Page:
So if they modify the armour and one of the drivers is shot by a sniper, does his family then have the right to sue the company or the group that forced the lawsuit?

Someone get Clint Walker’s opinion on this.


Specially designed bulldozers

The legal theory is probably a mess, but they are making custom modifications especially for the IDF, right?

There is a problem with this whole suit on the issue of the comparative negligence of the slain girl herself, which I’ll skip past.

You could in theory construct a legal theory stretching a chain of causation to Catepillar: you could say that if the bulldozers were modified for combat engineering with armor and such, they have less visibility, and if they are also forseeably used around unarmed civilians who are protesting close to the dozers while the dozers are moving, this could create a hazardous condition which Catepillar should have forseen due to the international press attention etc. Its awfully damn thin, but you could make the argument.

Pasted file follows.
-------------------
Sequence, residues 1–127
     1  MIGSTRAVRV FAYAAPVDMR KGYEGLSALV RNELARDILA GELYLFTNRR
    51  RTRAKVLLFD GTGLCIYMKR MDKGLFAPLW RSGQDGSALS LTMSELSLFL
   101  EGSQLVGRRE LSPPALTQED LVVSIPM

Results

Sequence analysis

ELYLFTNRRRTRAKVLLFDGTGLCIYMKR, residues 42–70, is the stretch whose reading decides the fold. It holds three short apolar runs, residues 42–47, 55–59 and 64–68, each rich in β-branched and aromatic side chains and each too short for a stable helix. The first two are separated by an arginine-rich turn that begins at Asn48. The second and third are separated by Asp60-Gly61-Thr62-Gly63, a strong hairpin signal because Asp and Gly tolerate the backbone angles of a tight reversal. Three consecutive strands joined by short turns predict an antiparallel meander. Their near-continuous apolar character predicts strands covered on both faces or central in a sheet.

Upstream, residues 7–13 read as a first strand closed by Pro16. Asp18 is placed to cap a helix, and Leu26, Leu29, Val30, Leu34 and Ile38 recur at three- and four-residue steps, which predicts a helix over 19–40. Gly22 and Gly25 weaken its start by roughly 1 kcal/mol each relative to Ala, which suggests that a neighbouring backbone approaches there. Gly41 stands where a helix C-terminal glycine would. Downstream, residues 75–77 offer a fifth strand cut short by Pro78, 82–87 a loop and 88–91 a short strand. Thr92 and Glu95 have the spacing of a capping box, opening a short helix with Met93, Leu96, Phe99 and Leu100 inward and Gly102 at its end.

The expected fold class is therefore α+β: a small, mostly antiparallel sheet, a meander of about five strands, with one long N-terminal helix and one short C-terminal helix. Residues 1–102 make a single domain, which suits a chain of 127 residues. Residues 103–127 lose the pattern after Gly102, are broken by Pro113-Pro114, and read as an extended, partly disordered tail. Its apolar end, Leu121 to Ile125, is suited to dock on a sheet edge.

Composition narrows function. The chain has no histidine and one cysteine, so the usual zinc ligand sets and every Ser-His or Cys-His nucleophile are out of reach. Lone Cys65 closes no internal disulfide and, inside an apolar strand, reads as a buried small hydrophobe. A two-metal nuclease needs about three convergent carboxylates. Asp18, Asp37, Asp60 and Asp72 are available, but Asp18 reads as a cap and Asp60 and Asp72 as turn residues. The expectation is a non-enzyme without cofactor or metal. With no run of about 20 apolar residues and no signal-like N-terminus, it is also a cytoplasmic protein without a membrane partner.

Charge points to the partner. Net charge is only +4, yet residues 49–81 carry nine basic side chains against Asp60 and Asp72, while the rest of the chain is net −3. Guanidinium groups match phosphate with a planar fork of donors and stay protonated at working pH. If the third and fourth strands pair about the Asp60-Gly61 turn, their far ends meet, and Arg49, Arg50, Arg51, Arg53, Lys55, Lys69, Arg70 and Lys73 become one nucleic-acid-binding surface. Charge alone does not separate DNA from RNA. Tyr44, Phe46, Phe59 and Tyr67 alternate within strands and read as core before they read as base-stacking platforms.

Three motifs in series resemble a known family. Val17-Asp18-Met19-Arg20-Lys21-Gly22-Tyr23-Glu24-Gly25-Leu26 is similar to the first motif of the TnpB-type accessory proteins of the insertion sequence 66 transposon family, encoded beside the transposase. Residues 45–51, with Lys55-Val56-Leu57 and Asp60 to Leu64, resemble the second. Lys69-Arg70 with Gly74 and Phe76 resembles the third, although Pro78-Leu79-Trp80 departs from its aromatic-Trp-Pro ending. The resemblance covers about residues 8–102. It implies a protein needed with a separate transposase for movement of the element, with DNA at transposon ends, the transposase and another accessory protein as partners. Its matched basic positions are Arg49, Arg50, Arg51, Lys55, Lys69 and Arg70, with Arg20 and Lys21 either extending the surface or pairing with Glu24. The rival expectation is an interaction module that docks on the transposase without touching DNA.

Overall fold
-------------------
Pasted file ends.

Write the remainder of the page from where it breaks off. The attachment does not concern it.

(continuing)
However, what kills the suit out of the gate IMO is the fact that Catepillar is just way too far up the chain of causation for them to be liable in any reasonable court IMO. The first line of attack should be the IDF and the Israeli government. Why are they not being sued ? (Probably b/c of treaty restrictions or national sovereignity). If there is any fault or negligence here (and I don’t know enough to say there is - the whole situation sounds messy and possibly the slain girl may have used poor judgement) then the fault is with the IDF and the nation of Israel. Heck, before you get to Catepillar, the local Palestinians have WAY more liability than Catepillar (for failure to warn). Of course I don’t think the the Palestinians should be a target either, again the proper target (if there is any merit to the suit) is the IDF. Double Heck, before you get to Catepillar, maybe you shove some liability onto the Palestinian Authority for participating in creating the dangerous conditions.